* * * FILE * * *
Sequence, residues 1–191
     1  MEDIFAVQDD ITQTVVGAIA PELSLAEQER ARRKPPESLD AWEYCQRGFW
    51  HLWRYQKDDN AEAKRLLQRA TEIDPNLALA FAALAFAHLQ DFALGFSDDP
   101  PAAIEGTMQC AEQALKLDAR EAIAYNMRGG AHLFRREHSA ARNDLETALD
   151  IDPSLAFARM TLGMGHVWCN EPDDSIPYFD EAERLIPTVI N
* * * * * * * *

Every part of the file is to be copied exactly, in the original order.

Sequence, residues 1–191
     1  MEDIFAVQDD ITQTVVGAIA PELSLAEQER ARRKPPESLD AWEYCQRGFW
    51  HLWRYQKDDN AEAKRLLQRA TEIDPNLALA FAALAFAHLQ DFALGFSDDP
   101  PAAIEGTMQC AEQALKLDAR EAIAYNMRGG AHLFRREHSA ARNDLETALD
   151  IDPSLAFARM TLGMGHVWCN EPDDSIPYFD EAERLIPTVI N